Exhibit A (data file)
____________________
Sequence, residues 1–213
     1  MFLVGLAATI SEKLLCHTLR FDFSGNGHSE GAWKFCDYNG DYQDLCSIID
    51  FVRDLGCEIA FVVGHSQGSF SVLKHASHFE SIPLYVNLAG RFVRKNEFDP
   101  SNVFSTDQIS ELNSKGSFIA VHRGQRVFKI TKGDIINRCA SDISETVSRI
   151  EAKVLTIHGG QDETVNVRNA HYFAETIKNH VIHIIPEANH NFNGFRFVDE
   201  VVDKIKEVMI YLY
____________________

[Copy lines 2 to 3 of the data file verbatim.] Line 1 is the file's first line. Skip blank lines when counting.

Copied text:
     1  MFLVGLAATI SEKLLCHTLR FDFSGNGHSE GAWKFCDYNG DYQDLCSIID
    51  FVRDLGCEIA FVVGHSQGSF SVLKHASHFE SIPLYVNLAG RFVRKNEFDP